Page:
Hoverboards on campus are cause for concern
On my daily trudges across campus between classes, I don’t usually stop to concern myself with other people’s activities.
Lately, however, I’ve been noticing people riding peculiar new devices called “hoverboards,” and it has me very worried.
While witnessing someone glide around on a hoverboard is a strange sight to behold, that’s not what bothers me. In fact, there are terrifying issues that have come to light about these miniature scooters.
When I first saw someone riding one, I thought they were a pointless invention that essentially replaces walking for people who are perfectly able.
But after seeing more of them, I began to think about how safe these things really are – for the riders as well as those around them. Then, suddenly, the possible dangers of hoverboards became all too real.
Reports about dozens of fires caused by the batteries in the hoverboards inexplicably exploding began to emerge. Most recently, one is suspected in a house fire in Santa Rosa that killed the family’s two dogs trapped inside.
The United States Consumer Product Safety Commission has responded to these reports and opened investigations into the incidents, according to a statement on the commission’s website.
“I have directed agency staff to work non-stop to find the root cause of the fire hazard, how much of a risk it might present, and to provide consumers with answers as soon as possible,” Elliot F. Kaye, chairman of the U.S. CPSC, said in the statement.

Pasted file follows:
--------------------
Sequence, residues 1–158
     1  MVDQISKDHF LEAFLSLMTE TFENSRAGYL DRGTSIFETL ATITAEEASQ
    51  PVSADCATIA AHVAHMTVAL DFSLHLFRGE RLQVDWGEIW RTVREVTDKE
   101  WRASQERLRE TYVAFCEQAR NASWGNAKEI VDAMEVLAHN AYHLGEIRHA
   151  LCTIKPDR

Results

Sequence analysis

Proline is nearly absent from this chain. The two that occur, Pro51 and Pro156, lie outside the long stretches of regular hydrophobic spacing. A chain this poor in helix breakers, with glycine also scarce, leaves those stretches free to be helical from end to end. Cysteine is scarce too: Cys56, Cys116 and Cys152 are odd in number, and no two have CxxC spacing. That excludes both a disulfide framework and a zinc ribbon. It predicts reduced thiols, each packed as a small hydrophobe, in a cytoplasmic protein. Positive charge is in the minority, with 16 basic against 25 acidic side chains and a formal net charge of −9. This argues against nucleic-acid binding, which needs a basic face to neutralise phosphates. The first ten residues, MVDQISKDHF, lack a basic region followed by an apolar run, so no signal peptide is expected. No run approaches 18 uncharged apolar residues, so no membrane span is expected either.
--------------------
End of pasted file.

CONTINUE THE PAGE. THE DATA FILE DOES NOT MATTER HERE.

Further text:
When I first heard this information, my thoughts immediately jumped back to the people who ride hoverboards on campus.
If multiple people are using these devices on campus and leaving them in classrooms, there is a legitimate possibility that one could malfunction and damage school property, or even worse, harm students and faculty.
SF State is supposed to be a “no-wheels campus” to begin with. Bicycles, skateboards and the like must be kept in designated areas, but as most students know, this isn’t really the case.
However, almost being knocked over by a skateboarder racing down a path on campus doesn’t bother me nearly as much as the idea of a ticking time bomb in the building that could burst into flames at a moment’s notice.
This is concerning, considering that the possibility of spontaneous combustion is not the only fault with the boards. There have been increasing reports of injuries and damage caused by people falling off their hoverboards, whether it was their own fault or the fault of flaws in the design of the balancing system of the boards themselves.
“While the fire hazard has generated significant attention, I do not want to downplay the fall hazard,” Kaye said. “Some of these injuries have been serious, including concussions, fractures, contusions/abrasions, and internal organ injuries.”
The threat of the potential dangers of these products is still lingering, and as a result, huge distributors like Amazon have even begun offering refunds for any hoverboards they’ve sold.
And though new rules are coming to hoverboard riders in California, SF State has taken no steps regarding the possible danger these boards present.
Restrictions should be introduced to confine hoverboards to designated safe areas for storage on campus. With the rate of hoverboard-related catastrophes growing every day, I can only hope these restrictions come sooner rather than later.